Before they're strapped onto rockets for a mission to Mars, ion engines, like NASA's VASIMR project need to be tested—here at the STG-ET chamber at the German Aerospace Agency (DLR), one of the most advanced vacuum chambers on the planet.
This one is straight out of the annals of Star Trek -- NASA wants to make tractor beams a reality using lasers. They want to trap and pull in small samples remotely, and its not quite as farfetched as it sounds.
The universe is full of incredibly beautiful sights, but they're all designated with dull official codes like NGC 281. Thankfully some stargazers have a little imagination, and have nicknamed the nebula above after the original dot-chomper, Pac-Man. Can you see it?
Our Sun's energy is the source of all life on the planet, sure. But what if it was also the source of the first organic compounds that gave rise to life itself? A team of Hong Kong researchers believe they've proved just that.
Today NASA launched its first weather and climate-forecasting satellite. It's designed to collect environmental data, monitor weather patterns, natural disasters and surface temperatures -- all in the aid of better weather and climate prediction.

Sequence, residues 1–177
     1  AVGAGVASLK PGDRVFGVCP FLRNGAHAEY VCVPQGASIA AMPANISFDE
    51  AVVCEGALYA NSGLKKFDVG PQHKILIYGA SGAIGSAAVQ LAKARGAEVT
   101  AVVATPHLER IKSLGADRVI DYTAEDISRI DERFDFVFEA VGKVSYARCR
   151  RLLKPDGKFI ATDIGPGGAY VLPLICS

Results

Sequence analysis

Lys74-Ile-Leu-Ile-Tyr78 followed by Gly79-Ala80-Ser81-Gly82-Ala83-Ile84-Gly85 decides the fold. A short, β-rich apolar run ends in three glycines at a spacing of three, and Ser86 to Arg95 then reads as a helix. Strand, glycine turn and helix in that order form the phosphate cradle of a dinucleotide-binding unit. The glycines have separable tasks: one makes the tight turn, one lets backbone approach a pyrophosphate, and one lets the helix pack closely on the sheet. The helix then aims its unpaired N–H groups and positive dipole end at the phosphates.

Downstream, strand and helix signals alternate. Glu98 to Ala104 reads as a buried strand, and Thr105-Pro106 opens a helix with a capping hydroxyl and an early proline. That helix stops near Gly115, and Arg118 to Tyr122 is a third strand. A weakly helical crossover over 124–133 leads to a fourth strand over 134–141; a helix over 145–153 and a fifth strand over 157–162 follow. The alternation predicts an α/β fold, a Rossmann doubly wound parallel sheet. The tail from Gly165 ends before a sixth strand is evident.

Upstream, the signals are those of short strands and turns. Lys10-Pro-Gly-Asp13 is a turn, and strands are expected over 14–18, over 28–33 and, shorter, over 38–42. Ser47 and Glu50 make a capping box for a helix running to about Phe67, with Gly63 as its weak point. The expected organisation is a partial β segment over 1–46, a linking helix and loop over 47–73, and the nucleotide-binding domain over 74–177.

A group of amateurs who humbly describe themselves as a "volunteer-based DIY space program" have set a new record for the highest flight of a powered airship, sending one up 18 miles and well on the way to... space.
There's something pretty magical about watching the big blue ball that we call Earth spinning in space. Sit back and watch a stunning compilation of recent orbital fly-bys by the ISS, as it hurtles around our spinning globe. [Space.com]
Otherworldly, out-of-body experiences and alien abductions -- they've been the stuff of legend for decades. Turns out, they're probably just figments of our imaginations and scientists are trying to prove it.
Good news! The ROSAT satellite didn't destroy all humans. Most of it just burned up in the atmosphere, as expected — but not all of it! Nearly two tons of German space junk hit the ocean—and almost China.
ROSAT, the latest man-made object to fall from the heavens and threaten humanity's safety, has apparently burned up in Earth's atmosphere. The 1 in 2,000 chance of death from above we had all feared never materialised.
Launching satellites is a risky proposition — costing as much as £14,000 per kilogram to make orbit with little recourse if it malfunctions. So, DARPA has devised a system to recycle the £190 billion worth of orbiting dead satellites into a zombie antenna array.